International Launch Services (ILS) are back in action, following the successful launch of their Proton-M, carrying the SIRIUS 4 communications satellite, from the Baikonur cosmodrome.
Following a 9 hours, 13 minute ride on the Briz-M upper stage, SIRIUS was successfully released into the satellite into geostationary transfer.
L2 Resources: Proton Launch Vehicle Manual and Payload Planner’s Guide, plus more.
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The failure of the Proton launch with the JCSAT-11 satellite back in September, was caused – according to the independent Failure Review Oversight Board (FROB) – by a damaged cable, which prevented activation of the pyro bolts that were to have separated the first and second stages of the rocket.
‘We acknowledge the diligent effort from the people who enabled such a timely return to flight – the Russian State Commission; our partner, Khrunichev; our customer; the satellite manufacturer; the FROB members; and the U.S. Defense Technology Security Administration,’ said ILS President Frank McKenna.
Proton flights resumed on October 26, with a Russian federal mission to orbit three Glonass satellites.
The SIRIUS 4 satellite is a Lockheed Martin A2100AX model, will weigh approximately 4600 kg at lift-off, making it the largest in the SIRIUS fleet. SIRIUS 4 is a multi-mission Ku-and Ka-band satellite offering a wide range of communications services across Europe and Northern Africa.
The A2100 geosynchronous spacecraft series is designed to meet a wide variety of telecommunications needs including Ka-band broadband and broadcast services, fixed satellite services in C-band and Ku-band payload configurations, high-power direct broadcast services using the Ku-band frequency spectrum, and mobile satellite services using UHF, L-band and S-band payloads.
The A2100’s modular design features a major reduction in moving parts – simplifying construction, increasing on-orbit reliability, and reducing weight and cost. The A2100 bus is produced entirely from composite materials, which makes it stronger and lighter than other bus designs and reduces launch costs. The composite structure also protects the payload from thermal distortions. The design lifetime of an A2100 satellite is 15 years.
The Proton launch vehicle intended for the Sirius 4 mission consists of three stages and a space head that uses a Breeze-M upper stage. The space head also incorporates a payload fairing and an adapter. The Proton first stage consists of a central assembly containing an adapter, oxidizer tank, tail section, and six lateral assemblies. All the lateral assemblies are similar in design. Each assembly includes a fore section, fuel tank and tail section where the rocket engine is fixed.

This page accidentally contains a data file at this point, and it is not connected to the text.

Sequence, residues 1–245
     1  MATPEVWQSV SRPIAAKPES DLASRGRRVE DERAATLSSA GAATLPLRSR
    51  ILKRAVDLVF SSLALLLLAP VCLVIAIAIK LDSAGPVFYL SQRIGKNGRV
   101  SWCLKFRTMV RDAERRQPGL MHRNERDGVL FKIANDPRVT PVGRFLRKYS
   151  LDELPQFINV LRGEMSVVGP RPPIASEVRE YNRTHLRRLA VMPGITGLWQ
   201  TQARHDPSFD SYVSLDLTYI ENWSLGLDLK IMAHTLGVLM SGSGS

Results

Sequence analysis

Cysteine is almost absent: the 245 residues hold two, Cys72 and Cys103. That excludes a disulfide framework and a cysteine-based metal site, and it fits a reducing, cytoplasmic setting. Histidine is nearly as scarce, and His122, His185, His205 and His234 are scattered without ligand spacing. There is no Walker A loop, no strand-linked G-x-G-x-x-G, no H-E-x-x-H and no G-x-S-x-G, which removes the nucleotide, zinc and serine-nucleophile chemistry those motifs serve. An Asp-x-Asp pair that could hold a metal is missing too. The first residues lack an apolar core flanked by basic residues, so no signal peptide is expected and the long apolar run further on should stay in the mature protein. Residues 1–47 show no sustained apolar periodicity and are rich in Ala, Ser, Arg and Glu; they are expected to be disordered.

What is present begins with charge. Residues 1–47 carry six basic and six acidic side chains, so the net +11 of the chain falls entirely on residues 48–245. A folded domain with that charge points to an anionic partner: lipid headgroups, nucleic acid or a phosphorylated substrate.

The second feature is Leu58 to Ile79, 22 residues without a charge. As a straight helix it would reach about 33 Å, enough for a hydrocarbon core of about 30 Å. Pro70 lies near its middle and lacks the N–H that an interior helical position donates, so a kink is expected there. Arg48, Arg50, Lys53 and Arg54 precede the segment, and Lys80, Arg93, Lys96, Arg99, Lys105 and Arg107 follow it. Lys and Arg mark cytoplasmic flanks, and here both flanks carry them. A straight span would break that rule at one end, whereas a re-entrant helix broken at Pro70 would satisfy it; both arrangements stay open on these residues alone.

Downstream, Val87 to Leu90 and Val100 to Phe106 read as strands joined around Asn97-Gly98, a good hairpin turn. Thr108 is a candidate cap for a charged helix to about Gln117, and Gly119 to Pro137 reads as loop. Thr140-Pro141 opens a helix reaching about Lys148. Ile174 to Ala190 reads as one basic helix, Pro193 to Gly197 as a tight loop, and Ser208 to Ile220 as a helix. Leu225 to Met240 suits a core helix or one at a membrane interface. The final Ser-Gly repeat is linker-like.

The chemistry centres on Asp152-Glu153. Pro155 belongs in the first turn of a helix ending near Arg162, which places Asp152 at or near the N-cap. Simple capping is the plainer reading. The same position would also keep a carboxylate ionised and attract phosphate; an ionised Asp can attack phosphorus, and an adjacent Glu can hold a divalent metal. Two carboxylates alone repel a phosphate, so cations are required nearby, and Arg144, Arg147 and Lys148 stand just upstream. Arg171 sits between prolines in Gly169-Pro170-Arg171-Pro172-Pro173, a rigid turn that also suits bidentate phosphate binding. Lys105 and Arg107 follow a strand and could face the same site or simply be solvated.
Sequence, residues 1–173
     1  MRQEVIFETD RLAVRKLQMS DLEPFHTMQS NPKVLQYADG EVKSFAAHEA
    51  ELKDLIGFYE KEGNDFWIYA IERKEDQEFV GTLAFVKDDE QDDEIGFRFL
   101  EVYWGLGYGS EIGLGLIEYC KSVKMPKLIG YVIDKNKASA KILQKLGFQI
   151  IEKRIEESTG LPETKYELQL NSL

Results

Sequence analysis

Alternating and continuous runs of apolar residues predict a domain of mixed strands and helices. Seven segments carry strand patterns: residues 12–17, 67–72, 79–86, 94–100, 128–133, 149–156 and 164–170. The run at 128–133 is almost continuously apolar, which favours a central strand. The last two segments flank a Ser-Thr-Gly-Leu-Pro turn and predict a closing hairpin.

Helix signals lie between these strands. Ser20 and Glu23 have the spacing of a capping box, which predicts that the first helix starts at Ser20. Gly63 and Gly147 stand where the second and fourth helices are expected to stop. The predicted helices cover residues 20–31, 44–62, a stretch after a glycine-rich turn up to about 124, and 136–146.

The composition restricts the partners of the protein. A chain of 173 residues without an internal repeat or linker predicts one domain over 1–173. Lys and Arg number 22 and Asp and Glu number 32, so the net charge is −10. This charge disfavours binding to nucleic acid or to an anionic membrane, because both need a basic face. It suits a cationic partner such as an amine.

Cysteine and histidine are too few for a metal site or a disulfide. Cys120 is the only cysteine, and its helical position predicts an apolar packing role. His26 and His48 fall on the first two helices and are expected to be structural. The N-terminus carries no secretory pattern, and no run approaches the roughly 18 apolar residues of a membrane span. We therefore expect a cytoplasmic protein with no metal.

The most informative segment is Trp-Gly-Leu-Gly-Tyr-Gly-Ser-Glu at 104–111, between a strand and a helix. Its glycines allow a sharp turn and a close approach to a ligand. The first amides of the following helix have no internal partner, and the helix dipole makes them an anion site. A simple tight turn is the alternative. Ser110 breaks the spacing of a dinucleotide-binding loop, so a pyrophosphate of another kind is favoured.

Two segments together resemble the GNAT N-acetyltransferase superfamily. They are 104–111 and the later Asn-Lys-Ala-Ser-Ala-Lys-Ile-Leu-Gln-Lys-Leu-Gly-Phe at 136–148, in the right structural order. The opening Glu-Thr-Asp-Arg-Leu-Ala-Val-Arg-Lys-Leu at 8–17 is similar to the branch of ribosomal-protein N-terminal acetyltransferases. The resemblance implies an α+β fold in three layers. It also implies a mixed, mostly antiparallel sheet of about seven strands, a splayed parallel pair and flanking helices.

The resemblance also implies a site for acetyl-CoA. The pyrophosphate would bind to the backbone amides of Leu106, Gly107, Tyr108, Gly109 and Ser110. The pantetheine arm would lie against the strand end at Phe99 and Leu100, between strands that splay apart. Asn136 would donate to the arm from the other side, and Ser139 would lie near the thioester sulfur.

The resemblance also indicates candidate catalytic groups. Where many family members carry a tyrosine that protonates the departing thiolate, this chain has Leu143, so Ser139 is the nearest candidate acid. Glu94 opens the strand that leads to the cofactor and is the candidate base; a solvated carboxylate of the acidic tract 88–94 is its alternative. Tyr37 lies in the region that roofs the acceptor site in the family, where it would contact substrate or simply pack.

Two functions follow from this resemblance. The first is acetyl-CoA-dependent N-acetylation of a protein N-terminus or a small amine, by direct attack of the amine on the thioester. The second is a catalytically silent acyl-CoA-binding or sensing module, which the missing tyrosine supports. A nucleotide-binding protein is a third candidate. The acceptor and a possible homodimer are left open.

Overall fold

The first stage is powered by six RD- 275 single-chamber cruise liquid propellant engines developed and manufactured by NPO Energomash. The propulsion unit develops 9,600 kN thrust at lift-off.
The second, cylinder-shaped stage includes an adapter, propellant section and tail section. The thruster facility of the second stage includes four similar sustainer liquid propellant engines: three RD-0210 engines and one RD-0211 engine – all built by KBKhA. The nose bay hosts six solid-propellant retro motors.
The rocketâ€™s third stage is a cylinder-shaped structure that includes an equipment bay, a section of fuel and oxidizer tanks, a sustainer engine fixed on the fuel tank, and an aft bay with a steering motor inside. The aft bay accommodates four solid-propellant retro motors.
The propulsion unit of the RD- 0212 third stage consists of an RD-0213 sustainer liquid propellant engine and a four-chamber RD-0214 steering engine. In terms of design and operating principle, the sustainer engine is similar to the RD-0211 engine of the second stage: in fact, the 0213 version is a modification of RD-0211.
The Proton launch vehicle will inject the satellite into geosynchronous transfer orbit, using a four-burn Breeze M mission design.
The first three stages of the Proton will use a standard ascent trajectory to place the Breeze M fourth stage, with the satellite, into a suborbital trajectory, from which the Breeze M will place itself and the spacecraft into a circular reference, or parking, orbit of 192 km (119.3 miles), inclined at 51.5 degrees. Then the satellite will be propelled to its transfer orbit by additional burns of the Breeze M.
Following separation from the Breeze M, the spacecraft will perform a series of liquid apogee engine burns to raise perigee, lower inclination and circularize the orbit at the geostationary altitude of 35,786 km (22,236 miles).
Full mission background is available on the live event page – linked above.